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Date:	Fri, 17 Aug 2007 07:31:01 -0700
From:	"Paul E. McKenney" <paulmck@...ux.vnet.ibm.com>
To:	Satyam Sharma <satyam@...radead.org>
Cc:	Herbert Xu <herbert@...dor.apana.org.au>,
	Stefan Richter <stefanr@...6.in-berlin.de>,
	Paul Mackerras <paulus@...ba.org>,
	Christoph Lameter <clameter@....com>,
	Chris Snook <csnook@...hat.com>,
	Linux Kernel Mailing List <linux-kernel@...r.kernel.org>,
	linux-arch@...r.kernel.org,
	Linus Torvalds <torvalds@...ux-foundation.org>,
	netdev@...r.kernel.org, Andrew Morton <akpm@...ux-foundation.org>,
	ak@...e.de, heiko.carstens@...ibm.com, davem@...emloft.net,
	schwidefsky@...ibm.com, wensong@...ux-vs.org, horms@...ge.net.au,
	wjiang@...ilience.com, cfriesen@...tel.com, zlynx@....org,
	rpjday@...dspring.com, jesper.juhl@...il.com,
	segher@...nel.crashing.org
Subject: Re: [PATCH 0/24] make atomic_read() behave consistently across all architectures

On Fri, Aug 17, 2007 at 01:09:08PM +0530, Satyam Sharma wrote:
> 
> 
> On Thu, 16 Aug 2007, Paul E. McKenney wrote:
> 
> > On Fri, Aug 17, 2007 at 07:59:02AM +0800, Herbert Xu wrote:
> > > On Thu, Aug 16, 2007 at 09:34:41AM -0700, Paul E. McKenney wrote:
> > > >
> > > > The compiler can also reorder non-volatile accesses.  For an example
> > > > patch that cares about this, please see:
> > > > 
> > > > 	http://lkml.org/lkml/2007/8/7/280
> > > > 
> > > > This patch uses an ORDERED_WRT_IRQ() in rcu_read_lock() and
> > > > rcu_read_unlock() to ensure that accesses aren't reordered with respect
> > > > to interrupt handlers and NMIs/SMIs running on that same CPU.
> > > 
> > > Good, finally we have some code to discuss (even though it's
> > > not actually in the kernel yet).
> > 
> > There was some earlier in this thread as well.
> 
> Hmm, I never quite got what all this interrupt/NMI/SMI handling and
> RCU business you mentioned earlier was all about, but now that you've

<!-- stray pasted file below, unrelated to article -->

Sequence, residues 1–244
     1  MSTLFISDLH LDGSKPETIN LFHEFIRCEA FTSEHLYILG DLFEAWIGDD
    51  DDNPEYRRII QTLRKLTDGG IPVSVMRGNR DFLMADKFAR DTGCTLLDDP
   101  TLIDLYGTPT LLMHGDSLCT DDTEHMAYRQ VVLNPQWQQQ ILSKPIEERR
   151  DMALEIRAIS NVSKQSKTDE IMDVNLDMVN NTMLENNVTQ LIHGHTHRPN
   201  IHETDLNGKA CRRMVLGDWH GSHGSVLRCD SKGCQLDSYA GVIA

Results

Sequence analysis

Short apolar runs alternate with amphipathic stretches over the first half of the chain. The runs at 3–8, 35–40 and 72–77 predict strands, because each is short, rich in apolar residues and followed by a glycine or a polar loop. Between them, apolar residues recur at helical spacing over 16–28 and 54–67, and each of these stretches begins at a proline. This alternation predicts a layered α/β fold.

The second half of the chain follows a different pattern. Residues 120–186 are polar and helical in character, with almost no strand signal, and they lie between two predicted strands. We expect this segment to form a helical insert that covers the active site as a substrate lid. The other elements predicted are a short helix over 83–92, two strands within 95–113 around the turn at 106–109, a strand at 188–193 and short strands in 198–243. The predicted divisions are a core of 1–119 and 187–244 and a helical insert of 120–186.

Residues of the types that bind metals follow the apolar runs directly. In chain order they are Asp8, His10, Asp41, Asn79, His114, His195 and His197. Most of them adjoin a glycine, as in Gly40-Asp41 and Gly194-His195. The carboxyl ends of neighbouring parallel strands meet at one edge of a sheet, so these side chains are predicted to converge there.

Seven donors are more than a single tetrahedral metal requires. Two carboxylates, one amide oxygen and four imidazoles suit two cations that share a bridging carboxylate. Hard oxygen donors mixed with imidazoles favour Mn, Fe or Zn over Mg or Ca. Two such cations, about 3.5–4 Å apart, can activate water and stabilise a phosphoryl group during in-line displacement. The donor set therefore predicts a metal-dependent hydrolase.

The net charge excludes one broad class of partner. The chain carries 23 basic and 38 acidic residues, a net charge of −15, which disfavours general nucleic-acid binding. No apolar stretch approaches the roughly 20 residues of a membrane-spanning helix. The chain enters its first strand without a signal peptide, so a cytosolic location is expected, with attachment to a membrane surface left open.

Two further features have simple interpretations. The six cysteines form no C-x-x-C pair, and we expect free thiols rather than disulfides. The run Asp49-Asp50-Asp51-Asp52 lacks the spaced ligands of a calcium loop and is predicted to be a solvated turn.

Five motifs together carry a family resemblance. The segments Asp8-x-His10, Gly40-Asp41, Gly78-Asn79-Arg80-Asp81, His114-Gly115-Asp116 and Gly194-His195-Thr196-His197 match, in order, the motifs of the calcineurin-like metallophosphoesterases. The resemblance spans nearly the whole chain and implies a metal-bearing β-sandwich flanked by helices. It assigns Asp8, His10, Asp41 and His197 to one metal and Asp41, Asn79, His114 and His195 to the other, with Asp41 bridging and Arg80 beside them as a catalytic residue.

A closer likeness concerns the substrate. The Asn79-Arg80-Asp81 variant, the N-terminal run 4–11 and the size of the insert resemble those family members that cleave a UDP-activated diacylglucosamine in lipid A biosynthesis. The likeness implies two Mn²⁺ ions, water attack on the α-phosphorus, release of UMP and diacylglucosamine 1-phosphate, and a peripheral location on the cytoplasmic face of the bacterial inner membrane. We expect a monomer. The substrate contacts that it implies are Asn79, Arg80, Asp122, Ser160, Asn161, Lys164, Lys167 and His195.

> pointed to the actual code and issues with it ...

Glad to help...

> > > First of all, I think this illustrates that what you want
> > > here has nothing to do with atomic ops.  The ORDERED_WRT_IRQ
> > > macro occurs a lot more times in your patch than atomic
> > > reads/sets.  So *assuming* that it was necessary at all,
> > > then having an ordered variant of the atomic_read/atomic_set
> > > ops could do just as well.
> > 
> > Indeed.  If I could trust atomic_read()/atomic_set() to cause the compiler
> > to maintain ordering, then I could just use them instead of having to
> > create an  ORDERED_WRT_IRQ().  (Or ACCESS_ONCE(), as it is called in a
> > different patch.)
> 
> +#define WHATEVER(x)	(*(volatile typeof(x) *)&(x))
> 
> I suppose one could want volatile access semantics for stuff that's
> a bit-field too, no?

One could, but this is not supported in general.  So if you want that,
you need to use the usual bit-mask tricks and (for setting) atomic
operations.

> Also, this gives *zero* "re-ordering" guarantees that your code wants
> as you've explained it below) -- neither w.r.t. CPU re-ordering (which
> probably you don't care about) *nor* w.r.t. compiler re-ordering
> (which you definitely _do_ care about).

You are correct about CPU re-ordering (and about the fact that this
example doesn't care about it), but not about compiler re-ordering.

The compiler is prohibited from moving a volatile access across a sequence
point.  One example of a sequence point is a statement boundary.  Because
all of the volatile accesses in this code are separated by statement
boundaries, a conforming compiler is prohibited from reordering them.

> > > However, I still don't know which atomic_read/atomic_set in
> > > your patch would be broken if there were no volatile.  Could
> > > you please point them out?
> > 
> > Suppose I tried replacing the ORDERED_WRT_IRQ() calls with
> > atomic_read() and atomic_set().  Starting with __rcu_read_lock():
> > 
> > o	If "ORDERED_WRT_IRQ(__get_cpu_var(rcu_flipctr)[idx])++"
> > 	was ordered by the compiler after
> > 	"ORDERED_WRT_IRQ(me->rcu_read_lock_nesting) = nesting + 1", then